6. removing the inferior parent trees, re-grafting the better ones, and waiting until they flower and yield seed crops.

What selection techniques are used when rooting cuttings?

They are simpler and quicker, for you can use the selected trees directly. Such systems have been used for decades for temperate-zone plantations of Populus, and over centuries for Cryptomeria. Using similar methods, tropical farmers grow chosen strains of cassava (manioc), bananas, yams, etc. (A 3). Besides being simpler, several stages can be done at once:

  1. rooting cuttings from the best available seedlings for a start;
  2. selecting sizeable trees showing desirable features, felling them and using the coppice shoots as clonal stockplants (A 12, A 21);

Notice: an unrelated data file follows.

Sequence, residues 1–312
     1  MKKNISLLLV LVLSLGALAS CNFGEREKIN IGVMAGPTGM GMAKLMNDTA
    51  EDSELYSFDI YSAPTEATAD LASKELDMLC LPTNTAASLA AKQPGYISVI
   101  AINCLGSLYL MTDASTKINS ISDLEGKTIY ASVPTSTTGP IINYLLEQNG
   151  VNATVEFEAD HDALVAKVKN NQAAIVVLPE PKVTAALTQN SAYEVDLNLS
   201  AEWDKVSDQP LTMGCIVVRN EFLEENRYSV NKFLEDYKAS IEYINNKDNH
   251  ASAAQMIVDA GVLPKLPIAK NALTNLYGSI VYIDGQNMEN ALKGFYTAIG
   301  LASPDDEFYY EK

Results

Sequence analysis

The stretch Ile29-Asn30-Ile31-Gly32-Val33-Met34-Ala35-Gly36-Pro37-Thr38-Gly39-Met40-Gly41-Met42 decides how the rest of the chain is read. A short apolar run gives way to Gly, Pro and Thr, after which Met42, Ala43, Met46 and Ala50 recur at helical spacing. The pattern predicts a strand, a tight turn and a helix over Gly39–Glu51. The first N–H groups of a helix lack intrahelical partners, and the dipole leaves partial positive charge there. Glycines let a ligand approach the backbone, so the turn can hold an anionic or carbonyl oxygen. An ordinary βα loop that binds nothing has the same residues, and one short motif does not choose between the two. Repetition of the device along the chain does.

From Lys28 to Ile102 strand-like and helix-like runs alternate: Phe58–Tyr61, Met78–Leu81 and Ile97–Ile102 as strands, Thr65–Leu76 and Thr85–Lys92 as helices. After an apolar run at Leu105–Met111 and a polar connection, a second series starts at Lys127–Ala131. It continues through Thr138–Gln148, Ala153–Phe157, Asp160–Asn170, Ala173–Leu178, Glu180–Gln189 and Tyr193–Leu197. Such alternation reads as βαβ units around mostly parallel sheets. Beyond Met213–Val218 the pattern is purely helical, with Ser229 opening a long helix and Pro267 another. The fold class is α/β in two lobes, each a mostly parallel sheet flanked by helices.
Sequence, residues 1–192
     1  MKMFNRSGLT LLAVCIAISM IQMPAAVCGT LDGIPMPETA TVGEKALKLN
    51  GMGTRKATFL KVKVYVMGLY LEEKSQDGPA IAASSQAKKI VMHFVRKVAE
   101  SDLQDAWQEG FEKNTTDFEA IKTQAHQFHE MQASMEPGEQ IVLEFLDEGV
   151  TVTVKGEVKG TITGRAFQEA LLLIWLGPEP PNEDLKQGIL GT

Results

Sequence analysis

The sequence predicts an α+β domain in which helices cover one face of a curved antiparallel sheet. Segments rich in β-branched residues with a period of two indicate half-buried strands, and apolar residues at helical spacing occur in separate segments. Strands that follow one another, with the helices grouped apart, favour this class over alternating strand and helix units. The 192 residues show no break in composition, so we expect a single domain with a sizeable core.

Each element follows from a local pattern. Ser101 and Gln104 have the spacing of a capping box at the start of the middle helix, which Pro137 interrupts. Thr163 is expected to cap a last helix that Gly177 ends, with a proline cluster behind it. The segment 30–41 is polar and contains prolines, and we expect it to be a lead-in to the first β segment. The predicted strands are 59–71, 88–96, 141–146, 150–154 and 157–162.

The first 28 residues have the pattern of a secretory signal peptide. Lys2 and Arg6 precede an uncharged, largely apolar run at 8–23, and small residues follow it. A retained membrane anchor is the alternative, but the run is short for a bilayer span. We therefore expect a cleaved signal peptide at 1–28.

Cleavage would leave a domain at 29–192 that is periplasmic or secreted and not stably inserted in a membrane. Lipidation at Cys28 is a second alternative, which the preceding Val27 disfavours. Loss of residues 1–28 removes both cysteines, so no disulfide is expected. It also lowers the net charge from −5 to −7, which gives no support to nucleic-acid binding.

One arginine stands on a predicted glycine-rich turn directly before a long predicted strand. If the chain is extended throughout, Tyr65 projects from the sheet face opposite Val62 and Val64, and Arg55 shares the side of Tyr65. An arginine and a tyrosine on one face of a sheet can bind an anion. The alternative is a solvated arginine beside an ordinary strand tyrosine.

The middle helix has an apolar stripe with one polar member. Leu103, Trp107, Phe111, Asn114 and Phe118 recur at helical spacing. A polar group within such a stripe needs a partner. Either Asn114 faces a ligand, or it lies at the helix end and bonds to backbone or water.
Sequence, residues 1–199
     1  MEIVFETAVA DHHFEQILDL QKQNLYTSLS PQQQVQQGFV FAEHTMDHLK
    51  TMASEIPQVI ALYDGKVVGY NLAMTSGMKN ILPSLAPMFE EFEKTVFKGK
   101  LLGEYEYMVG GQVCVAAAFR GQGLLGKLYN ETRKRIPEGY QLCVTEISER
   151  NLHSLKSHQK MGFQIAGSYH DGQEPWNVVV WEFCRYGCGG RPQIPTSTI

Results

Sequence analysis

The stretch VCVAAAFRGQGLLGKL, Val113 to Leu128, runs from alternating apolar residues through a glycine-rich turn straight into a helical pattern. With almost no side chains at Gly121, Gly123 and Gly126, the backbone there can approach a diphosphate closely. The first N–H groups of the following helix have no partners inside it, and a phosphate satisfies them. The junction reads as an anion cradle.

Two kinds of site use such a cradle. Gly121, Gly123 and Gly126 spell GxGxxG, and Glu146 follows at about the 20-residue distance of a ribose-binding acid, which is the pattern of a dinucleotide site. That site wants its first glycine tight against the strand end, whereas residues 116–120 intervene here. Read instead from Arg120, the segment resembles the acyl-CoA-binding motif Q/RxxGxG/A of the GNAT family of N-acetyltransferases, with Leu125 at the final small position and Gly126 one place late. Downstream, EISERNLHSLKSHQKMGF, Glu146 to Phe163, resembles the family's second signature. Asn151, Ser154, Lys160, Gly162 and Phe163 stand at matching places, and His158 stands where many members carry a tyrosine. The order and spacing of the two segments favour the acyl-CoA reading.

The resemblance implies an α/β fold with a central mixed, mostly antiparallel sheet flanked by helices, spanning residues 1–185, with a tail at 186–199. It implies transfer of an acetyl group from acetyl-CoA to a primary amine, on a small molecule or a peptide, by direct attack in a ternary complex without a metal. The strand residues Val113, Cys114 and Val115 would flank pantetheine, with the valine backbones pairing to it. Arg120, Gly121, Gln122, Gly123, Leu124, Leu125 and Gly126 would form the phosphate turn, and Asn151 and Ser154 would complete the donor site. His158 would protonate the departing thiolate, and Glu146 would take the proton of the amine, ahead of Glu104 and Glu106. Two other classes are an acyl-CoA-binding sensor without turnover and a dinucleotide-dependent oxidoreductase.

3. applying early tests to seedlings, and choosing the better ones (A 13);
  4. rooting cuttings from b & c, and testing them in clonal trials;
  5. planting stockplants of the tested clones, and managing them to produce many shoots that will make good cuttings (A 6, A 20–27);
  6. rooting the selected clonal cuttings in large numbers, and using them as planting stock.

Why has less effort been put into tropical trees?


  1. their multiple value wasn't generally appreciated;
  2. there usually isn't a quick return on expenditure;
  3. logging has been separated from afforestation;
  4. forest science was disconnected from forestry;
  5. genetic improvement seemed too slow and difficult;
  6. forestry staff were often unaware of the potential of clonal tree planting, or had been prejudiced against it.

But everyone knows that tropical trees are very important!